Warmington, A. “Action Research: Its Methods and its Implications,” Journal of Applied Systems Analysis (7), 1980, pp. 23-39.

Wood-Harper, A.T. “Research Methods in Information Systems: Using Action Research,” in Research Methods in Information Systems, E. Mumford, R.A. Hirschheim, G. Fitzgerald and A.T. Wood-Harper (eds.), North-Holland, Amsterdam, 1985.

Wood-Harper, A.T. “Viewpoint: Action Research,” Journal of Information Systems (2), 1992, pp.235-236.

Ytterstad, P., Akselsen, S., Svendsen, G. and Watson, R.T. “Teledemocracy: Using Information Technology to Enhance Political Work,”MISQ Discovery (1), 1996.

Citations in Other Disciplines

Argyris, C., Putnam, R. and Smith, D. Action Science, Jossey-Bass, San Francisco, 1985.

Argyris, C. and Schön, D. Organizational Learning: A Theory of Action Perspective. Addison-Wesley, Reading, 1978.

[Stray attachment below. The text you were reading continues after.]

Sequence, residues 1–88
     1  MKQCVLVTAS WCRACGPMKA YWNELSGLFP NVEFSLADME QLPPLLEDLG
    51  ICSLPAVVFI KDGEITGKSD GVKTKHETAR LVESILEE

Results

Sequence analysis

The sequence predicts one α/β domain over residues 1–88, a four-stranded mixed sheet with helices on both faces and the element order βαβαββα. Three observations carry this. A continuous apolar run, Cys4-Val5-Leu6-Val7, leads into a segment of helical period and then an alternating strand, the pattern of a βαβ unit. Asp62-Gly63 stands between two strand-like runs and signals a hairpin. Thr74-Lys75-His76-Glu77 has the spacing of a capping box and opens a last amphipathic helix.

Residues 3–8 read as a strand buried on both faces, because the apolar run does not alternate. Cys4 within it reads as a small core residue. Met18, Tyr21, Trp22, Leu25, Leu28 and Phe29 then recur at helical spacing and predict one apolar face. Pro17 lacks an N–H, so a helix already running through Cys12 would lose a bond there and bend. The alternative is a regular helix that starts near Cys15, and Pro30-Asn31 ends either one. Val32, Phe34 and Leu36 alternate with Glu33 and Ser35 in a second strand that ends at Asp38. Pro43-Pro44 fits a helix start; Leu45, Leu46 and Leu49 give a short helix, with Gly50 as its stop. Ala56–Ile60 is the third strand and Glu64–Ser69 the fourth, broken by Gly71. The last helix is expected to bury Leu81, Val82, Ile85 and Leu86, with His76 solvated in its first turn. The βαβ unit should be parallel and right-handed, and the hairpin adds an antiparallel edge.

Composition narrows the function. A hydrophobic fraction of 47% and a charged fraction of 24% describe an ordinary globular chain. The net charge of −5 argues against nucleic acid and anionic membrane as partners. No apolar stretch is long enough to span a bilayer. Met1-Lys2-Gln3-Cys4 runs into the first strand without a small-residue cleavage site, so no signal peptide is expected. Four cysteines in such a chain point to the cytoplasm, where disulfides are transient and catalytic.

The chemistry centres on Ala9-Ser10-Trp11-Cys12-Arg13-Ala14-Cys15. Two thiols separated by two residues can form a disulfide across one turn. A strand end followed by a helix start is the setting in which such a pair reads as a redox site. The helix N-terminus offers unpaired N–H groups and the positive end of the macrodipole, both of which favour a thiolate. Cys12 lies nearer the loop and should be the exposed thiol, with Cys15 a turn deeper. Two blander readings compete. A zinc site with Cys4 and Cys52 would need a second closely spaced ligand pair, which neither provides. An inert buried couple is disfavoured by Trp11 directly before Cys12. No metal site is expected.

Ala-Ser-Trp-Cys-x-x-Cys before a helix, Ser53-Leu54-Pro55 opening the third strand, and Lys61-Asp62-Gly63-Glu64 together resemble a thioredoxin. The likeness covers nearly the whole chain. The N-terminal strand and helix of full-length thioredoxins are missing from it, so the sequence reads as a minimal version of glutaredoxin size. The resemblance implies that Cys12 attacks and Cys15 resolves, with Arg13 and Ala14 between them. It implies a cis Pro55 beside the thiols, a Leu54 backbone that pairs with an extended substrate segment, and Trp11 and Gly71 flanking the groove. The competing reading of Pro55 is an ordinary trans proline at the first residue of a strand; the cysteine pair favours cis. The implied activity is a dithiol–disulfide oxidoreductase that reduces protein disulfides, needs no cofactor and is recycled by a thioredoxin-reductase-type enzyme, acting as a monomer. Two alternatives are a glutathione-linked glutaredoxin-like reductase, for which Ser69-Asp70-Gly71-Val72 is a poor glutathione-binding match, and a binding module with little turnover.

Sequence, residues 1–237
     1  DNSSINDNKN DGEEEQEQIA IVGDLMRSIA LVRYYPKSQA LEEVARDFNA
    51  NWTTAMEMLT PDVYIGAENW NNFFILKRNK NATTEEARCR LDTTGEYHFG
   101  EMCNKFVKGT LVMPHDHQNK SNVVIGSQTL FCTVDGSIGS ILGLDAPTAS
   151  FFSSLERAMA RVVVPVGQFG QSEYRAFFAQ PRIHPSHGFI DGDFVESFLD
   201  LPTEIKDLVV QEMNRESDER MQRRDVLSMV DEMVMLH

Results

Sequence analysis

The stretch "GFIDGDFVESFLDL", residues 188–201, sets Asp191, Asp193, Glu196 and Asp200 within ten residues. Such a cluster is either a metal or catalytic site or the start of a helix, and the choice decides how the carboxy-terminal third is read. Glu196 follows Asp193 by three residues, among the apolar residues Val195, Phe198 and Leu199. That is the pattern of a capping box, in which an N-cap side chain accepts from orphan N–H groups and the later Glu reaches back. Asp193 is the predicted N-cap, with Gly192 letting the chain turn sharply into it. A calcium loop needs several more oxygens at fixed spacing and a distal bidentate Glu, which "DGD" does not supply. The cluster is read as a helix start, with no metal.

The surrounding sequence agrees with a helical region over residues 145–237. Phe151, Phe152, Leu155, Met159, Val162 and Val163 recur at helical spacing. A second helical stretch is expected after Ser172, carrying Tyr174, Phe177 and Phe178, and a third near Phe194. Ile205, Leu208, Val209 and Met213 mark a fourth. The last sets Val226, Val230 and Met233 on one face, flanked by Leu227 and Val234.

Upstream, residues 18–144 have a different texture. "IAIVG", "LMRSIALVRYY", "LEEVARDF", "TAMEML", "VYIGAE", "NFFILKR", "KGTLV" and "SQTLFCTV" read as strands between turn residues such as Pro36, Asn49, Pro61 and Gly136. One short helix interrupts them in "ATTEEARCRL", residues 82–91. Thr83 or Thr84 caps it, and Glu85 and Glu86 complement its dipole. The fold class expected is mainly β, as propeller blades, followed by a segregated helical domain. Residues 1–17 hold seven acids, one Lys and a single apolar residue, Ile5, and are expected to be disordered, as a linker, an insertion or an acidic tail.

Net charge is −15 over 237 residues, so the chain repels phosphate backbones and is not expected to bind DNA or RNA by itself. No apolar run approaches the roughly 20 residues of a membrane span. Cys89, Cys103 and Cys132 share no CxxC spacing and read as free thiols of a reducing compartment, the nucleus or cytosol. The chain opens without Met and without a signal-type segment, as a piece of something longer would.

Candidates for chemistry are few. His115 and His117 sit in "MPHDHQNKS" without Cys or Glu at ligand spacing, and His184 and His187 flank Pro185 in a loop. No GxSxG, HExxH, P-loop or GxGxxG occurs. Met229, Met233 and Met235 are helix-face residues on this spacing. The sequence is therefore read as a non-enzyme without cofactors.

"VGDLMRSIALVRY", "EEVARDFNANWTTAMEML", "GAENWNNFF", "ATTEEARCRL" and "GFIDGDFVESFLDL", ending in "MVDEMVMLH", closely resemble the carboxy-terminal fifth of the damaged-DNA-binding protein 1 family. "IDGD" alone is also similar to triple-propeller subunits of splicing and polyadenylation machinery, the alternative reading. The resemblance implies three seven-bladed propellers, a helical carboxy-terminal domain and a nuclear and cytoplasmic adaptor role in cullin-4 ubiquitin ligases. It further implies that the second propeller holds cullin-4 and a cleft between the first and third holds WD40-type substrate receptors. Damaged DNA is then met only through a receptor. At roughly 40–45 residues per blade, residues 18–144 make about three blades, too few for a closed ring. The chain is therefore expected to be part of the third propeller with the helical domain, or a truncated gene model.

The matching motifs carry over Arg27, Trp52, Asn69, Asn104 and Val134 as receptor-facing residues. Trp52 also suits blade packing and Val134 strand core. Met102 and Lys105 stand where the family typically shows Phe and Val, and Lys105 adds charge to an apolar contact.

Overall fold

Argyris, Chris, and Donald A. Schön. “Participatory Action Research and Action Science Compared: A Commentary”, in: William Foote Whyte (ed.), Participatory Action Research, Sage, Newbury Park, CA, 1991, pp. 85-98.

Baburoglu, O.N. and Ravn, I. “Normative Action Research.” Organization Studies (13:1), 1992, pp. 19-34.

Blum, F. “Action research – a scientific approach?” Philosophy of Science 22 (January), 1955, pp. 1-7.

Brown, L.D. and Tandon, R. “Ideology and Political Economy in Inquiry: Action Research and Participatory Research,” Journal of Applied Behavioural Science (19), 1983, pp. 277-285.

Carr, W. and Kemmis, S. Becoming Critical: Education, Knowledge and Action Research, Falmer Press, London, 1986.